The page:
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Just Your Standard Bull...

published: April 2nd 2021
by: Michael Sturgess

If March is mad, what is April?
    The month of March was busy with spring bull sales, replacement female sales and even purebred female sales. Prices were mainly up across the board—especially for bulls. The demand and current prices for bulls are at past levels when calves were bringing $15-1600/ head. Most of these bulls selling were 15-18 month old bulls, as most if not all of the spring two year olds have already been sold.
    In reality, the bulls that are selling in march are born mainly from October thru December, with a few early January yearlings sprinkled into these. The Feb-April yearlings have been coming off test for the past 30 days and will continue for a few more weeks.
    How long will these bulls last? That’s a question that I’m not sure I have the answer to. There remains some resistance to using yearling bulls. When used properly, I still maintain that using bulls as yearlings can make them better bulls and will ultimately be with you longer.
    This would not be the case if you are one that turns out bulls and never picks them up. A yearling bull is going to need a little extra help after that first breeding season. Keeping him on a more ideal nutrition curve will ultimately prove to be more valuable to you in the long term.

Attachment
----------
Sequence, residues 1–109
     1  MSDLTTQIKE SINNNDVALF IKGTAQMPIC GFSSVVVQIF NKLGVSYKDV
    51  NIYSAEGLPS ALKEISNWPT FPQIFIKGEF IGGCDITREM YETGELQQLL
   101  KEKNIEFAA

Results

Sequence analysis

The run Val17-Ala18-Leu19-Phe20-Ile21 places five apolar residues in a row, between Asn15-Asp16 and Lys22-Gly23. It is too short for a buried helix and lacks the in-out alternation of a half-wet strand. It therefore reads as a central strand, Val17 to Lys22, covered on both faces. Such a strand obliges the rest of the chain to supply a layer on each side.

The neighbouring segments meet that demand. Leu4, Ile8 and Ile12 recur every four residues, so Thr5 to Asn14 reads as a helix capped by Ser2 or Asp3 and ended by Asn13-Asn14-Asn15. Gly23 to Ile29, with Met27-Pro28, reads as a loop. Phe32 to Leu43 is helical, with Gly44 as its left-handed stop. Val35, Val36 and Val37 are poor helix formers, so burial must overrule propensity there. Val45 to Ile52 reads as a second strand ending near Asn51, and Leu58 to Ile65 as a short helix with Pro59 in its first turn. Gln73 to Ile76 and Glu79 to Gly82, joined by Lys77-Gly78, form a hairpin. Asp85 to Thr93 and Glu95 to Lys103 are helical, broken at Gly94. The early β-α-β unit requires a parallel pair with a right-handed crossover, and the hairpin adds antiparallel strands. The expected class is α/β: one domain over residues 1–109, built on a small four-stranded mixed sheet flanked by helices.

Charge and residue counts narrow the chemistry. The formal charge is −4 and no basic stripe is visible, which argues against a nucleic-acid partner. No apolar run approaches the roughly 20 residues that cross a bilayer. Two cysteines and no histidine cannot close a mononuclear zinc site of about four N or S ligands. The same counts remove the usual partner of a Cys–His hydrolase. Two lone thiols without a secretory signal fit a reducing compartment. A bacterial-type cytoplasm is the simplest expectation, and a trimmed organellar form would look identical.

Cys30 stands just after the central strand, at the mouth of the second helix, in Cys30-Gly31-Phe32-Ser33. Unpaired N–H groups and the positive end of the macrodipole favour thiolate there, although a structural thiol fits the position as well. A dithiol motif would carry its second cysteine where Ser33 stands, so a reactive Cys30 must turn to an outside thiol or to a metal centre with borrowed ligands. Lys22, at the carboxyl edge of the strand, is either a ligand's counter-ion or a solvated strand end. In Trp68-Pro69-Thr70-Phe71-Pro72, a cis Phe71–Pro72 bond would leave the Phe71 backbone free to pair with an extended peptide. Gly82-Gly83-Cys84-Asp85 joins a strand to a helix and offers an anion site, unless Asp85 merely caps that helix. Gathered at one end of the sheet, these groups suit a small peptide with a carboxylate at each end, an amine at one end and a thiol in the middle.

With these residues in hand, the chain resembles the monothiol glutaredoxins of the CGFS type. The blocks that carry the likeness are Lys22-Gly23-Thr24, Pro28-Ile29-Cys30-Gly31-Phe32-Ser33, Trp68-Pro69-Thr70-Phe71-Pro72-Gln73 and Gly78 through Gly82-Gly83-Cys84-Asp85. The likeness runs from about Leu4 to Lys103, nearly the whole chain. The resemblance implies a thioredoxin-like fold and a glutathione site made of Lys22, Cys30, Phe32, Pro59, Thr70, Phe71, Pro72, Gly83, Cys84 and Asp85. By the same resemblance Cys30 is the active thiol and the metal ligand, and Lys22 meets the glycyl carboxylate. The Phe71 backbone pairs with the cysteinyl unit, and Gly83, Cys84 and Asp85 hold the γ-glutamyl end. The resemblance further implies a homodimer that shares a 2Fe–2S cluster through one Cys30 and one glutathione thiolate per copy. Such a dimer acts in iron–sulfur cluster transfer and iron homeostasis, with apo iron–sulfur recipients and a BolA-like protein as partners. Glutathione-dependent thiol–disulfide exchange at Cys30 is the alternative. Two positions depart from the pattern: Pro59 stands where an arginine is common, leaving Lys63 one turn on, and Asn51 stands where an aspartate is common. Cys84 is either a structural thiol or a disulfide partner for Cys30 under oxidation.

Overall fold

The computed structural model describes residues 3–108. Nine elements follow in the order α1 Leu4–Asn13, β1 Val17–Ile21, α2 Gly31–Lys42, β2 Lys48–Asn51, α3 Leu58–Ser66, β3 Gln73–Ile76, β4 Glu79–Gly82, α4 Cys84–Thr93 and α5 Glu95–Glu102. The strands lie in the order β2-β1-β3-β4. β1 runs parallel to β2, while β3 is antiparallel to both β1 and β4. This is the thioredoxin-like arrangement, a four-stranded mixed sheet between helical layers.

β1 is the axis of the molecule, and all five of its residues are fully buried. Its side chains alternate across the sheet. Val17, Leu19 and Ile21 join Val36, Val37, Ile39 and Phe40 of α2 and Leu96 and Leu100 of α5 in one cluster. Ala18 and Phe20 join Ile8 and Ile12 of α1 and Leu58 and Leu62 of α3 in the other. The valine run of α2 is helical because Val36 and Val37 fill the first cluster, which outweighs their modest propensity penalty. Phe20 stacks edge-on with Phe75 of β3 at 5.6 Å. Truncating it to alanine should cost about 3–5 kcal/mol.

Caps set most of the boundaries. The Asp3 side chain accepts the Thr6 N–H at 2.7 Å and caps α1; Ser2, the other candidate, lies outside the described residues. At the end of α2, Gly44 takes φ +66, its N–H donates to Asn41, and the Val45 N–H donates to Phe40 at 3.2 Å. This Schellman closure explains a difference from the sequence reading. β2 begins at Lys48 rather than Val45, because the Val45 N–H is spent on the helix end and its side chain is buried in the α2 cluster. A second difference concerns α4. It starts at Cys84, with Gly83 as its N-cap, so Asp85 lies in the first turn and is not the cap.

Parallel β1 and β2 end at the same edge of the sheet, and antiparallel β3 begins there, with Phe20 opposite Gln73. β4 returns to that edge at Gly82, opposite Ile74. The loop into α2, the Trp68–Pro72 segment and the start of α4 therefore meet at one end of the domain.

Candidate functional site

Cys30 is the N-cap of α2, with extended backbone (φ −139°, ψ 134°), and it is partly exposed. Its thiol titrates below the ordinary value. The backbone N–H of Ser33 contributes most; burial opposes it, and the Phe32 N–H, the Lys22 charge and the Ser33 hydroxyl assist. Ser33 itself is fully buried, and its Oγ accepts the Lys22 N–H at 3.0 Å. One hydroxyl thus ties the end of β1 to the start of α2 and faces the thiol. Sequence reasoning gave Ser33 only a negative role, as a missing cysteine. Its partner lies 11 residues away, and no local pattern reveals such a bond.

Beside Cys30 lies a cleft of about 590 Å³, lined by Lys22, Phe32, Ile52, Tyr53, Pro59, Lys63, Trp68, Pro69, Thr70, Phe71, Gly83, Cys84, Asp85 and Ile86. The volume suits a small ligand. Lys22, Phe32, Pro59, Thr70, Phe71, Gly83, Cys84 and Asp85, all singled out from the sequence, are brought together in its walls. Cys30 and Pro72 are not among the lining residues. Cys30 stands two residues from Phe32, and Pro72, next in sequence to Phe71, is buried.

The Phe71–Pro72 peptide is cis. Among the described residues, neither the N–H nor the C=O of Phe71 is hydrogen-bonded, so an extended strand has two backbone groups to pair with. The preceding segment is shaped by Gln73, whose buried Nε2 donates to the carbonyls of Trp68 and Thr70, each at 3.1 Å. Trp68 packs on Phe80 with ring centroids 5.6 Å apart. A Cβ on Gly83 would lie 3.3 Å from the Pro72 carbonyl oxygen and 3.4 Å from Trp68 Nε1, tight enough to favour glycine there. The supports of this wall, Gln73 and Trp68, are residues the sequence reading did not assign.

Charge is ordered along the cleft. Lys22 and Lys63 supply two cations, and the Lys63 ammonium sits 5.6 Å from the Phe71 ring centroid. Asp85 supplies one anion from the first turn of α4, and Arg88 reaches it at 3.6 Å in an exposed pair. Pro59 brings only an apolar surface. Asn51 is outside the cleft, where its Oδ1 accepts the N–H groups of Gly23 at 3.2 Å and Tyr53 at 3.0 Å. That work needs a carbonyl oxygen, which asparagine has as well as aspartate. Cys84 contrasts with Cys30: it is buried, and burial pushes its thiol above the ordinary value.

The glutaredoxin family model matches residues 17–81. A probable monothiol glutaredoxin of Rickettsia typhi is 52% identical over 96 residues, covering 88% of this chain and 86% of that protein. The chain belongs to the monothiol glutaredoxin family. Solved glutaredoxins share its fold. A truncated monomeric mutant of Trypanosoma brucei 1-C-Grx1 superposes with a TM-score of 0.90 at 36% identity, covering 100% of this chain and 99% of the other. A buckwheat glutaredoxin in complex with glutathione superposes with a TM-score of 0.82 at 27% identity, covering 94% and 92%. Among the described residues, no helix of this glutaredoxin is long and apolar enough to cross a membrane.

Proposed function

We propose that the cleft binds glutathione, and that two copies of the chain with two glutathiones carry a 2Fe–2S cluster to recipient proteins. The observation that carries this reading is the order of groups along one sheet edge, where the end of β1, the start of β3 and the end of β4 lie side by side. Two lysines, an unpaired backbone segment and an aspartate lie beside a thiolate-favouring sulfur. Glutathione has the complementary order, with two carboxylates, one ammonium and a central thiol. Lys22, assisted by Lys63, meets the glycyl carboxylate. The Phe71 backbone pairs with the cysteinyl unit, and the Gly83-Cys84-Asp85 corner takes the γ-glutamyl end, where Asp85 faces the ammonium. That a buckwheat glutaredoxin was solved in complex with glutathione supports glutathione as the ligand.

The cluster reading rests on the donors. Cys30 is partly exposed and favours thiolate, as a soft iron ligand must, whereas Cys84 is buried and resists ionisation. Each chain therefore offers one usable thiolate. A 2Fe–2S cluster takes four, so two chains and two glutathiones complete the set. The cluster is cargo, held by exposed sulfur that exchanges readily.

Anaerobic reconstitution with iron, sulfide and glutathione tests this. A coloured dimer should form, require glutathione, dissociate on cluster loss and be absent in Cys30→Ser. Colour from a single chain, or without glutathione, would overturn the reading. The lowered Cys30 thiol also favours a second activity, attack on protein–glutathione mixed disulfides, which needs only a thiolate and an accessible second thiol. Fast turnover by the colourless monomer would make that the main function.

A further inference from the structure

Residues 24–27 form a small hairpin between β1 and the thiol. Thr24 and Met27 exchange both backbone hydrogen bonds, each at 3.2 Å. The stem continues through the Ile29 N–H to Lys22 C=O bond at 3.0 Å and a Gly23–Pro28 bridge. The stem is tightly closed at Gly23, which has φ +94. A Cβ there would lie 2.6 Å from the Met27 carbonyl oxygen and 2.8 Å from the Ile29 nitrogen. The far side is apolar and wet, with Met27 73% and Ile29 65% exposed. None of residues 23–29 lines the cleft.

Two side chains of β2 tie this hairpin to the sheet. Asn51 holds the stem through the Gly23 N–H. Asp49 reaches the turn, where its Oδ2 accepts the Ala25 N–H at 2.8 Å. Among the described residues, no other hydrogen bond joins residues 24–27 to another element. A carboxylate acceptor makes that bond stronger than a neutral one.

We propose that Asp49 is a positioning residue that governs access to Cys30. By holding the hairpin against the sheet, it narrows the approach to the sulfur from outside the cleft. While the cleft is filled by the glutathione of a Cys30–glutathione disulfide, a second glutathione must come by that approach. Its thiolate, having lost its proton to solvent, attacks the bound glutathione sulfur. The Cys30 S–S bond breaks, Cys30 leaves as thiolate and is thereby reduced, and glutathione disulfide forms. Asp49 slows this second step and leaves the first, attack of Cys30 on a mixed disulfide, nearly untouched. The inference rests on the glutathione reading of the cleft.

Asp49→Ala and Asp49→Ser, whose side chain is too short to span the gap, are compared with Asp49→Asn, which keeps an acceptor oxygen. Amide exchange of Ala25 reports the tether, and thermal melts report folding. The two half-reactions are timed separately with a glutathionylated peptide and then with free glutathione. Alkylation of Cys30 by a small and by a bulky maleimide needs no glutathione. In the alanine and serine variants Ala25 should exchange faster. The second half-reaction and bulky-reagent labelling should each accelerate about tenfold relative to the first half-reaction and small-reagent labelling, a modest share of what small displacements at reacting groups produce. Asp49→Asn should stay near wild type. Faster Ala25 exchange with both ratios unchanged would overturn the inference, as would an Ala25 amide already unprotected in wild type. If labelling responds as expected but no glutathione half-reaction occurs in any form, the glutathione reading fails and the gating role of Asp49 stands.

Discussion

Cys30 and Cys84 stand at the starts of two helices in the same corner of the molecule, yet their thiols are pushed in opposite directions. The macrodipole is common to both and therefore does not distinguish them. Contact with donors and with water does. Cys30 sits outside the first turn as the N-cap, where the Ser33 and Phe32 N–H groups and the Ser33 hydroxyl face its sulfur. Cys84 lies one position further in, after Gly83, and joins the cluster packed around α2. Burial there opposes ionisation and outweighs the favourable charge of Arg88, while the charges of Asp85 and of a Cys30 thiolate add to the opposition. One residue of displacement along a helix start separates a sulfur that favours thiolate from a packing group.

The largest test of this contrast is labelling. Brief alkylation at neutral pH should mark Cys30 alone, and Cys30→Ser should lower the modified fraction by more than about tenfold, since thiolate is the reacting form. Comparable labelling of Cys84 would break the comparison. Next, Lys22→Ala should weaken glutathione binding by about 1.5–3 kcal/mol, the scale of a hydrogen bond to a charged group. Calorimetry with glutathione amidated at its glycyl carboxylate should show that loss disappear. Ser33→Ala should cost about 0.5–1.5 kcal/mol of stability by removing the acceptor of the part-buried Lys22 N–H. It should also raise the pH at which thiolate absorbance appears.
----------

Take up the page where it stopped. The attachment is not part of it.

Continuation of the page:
And think of the experience this young bull has as opposed to a two-year old. A yearling bull has already spent a season with the cows. This gives him the added advantage of knowing your pastures better. Cows are pretty smart critters. Have you ever noticed there are certain places in your pastures where your cows graze a little heavier or a little longer? Perhaps the ground is a little stronger that makes the grass a little sweeter.
    The bottom line is a two year old bull that was used as a yearling has a decided advantage over the two year old bull that was just purchased and turned out. Both bulls are dropping their baby teeth, but the bull used as a yearling knows where the best grass is. He’ll be working smarter, better and will ultimately finish the breeding season in better body condition.

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